things do matter," she adds.
It’s a revealing story, because it demonstrates Scoboria’s strong
will to perform. And there’s a certain admirable quality about just
plunging into something, in this case, the world of performing. She
also had to conquer some early stage fright fears. "As a matter
of course, I would learn something new at every show. After a few
months of performing, I found I didn’t need my lyric sheets at gigs."
Her parents’ reaction to her decision to pursue music after college,
Scoboria says, has been totally supportive. She dedicated "The
Girl" to her mom, Kathleen.
"My parents never questioned my choice to try to become a musician,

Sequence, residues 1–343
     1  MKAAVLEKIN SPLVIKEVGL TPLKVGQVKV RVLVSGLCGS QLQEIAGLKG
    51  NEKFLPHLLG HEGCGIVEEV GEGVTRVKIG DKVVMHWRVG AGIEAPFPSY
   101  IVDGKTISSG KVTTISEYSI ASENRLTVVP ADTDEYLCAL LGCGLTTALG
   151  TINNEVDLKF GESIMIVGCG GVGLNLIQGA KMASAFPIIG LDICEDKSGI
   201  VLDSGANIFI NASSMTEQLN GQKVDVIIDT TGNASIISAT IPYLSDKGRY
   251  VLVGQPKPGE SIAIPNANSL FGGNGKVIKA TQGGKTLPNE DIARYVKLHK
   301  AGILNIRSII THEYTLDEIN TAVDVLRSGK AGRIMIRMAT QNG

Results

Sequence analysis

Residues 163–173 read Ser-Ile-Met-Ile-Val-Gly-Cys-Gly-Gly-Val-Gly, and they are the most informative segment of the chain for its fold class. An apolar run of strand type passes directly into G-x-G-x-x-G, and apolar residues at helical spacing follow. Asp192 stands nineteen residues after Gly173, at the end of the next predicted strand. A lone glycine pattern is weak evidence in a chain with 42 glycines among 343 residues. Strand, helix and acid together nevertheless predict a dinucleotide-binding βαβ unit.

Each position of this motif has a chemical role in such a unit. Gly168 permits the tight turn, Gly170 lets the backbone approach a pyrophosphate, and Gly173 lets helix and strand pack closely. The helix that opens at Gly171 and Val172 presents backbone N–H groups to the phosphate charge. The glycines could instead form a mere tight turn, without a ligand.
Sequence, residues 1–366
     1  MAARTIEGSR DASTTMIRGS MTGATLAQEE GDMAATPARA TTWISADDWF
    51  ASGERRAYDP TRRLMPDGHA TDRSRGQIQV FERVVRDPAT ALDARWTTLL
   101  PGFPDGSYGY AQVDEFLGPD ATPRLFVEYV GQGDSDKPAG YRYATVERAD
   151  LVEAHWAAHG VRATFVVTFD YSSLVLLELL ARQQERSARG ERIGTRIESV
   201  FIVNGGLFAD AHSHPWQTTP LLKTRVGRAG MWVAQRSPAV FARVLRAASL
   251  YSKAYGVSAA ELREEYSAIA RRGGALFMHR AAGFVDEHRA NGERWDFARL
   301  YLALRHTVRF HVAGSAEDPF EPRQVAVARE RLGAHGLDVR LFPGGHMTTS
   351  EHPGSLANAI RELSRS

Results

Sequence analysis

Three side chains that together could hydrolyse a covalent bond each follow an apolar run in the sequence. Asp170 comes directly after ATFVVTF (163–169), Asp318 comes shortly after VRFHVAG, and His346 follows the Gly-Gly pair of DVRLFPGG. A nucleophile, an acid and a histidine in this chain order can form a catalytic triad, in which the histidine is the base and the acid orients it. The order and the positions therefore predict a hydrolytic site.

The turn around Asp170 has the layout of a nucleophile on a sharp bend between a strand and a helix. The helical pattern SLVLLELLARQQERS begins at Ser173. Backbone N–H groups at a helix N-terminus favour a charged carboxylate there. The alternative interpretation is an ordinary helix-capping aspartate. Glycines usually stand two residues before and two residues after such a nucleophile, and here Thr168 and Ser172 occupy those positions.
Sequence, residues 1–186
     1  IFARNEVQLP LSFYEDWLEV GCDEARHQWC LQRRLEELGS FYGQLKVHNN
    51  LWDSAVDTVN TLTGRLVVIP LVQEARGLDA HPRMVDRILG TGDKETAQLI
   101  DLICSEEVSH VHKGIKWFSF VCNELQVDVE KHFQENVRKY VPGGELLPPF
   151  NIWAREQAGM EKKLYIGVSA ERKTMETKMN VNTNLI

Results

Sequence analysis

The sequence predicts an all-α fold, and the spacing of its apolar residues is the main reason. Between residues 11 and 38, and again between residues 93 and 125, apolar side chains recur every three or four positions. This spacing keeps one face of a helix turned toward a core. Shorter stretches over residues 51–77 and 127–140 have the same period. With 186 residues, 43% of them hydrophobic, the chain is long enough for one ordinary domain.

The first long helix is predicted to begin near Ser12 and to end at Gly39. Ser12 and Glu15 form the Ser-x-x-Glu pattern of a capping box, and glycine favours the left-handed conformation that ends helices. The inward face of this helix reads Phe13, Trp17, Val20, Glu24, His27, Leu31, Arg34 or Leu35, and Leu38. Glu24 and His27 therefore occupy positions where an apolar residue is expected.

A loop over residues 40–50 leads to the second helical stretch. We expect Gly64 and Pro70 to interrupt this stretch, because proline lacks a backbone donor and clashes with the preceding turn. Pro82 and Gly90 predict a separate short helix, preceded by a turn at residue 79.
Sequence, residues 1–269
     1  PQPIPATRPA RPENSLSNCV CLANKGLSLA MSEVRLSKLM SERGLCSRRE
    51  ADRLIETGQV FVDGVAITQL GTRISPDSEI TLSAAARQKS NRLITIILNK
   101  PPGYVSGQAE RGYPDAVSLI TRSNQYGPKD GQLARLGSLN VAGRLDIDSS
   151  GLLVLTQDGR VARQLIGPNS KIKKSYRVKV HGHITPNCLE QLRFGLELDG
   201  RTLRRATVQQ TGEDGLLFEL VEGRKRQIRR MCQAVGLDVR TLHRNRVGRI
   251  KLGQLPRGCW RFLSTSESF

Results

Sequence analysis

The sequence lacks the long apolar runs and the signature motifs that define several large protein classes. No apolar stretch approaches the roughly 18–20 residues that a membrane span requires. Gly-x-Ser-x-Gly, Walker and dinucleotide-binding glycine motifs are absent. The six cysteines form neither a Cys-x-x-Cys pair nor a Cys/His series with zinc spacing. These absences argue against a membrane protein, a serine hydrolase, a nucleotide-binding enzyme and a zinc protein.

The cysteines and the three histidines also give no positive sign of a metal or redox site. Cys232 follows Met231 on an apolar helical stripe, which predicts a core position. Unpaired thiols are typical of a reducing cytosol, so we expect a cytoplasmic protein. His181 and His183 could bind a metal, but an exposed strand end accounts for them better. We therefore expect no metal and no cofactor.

they just supported it wholeheartedly. And after all, it’s not always
practical to be a musician. They always taught me if I did what I
loved and followed my passions, I’d be happy," she says. A few
years back, when she was working a full-time job and moonlighting
her music, her mother helped her book gigs by calling clubs and venues.
While all her older brothers and sisters have straight
jobs, going back to a straight job herself remains a possibility for
Scoboria. She says the wonderful thing about the music business is
it can be done occasionally, part-time, or full-time. Of her relationship
with Borders Books, Scoboria says certain managers got word of her
performances and passed the good feedback on to several other managers
in the chain. Now she is able to find bookings in Borders stores in
and around Nashville.
Last summer, Scoboria played SoberStock, a large festival in Strausstown,
Pennsylvania, and she went over well enough that they invited there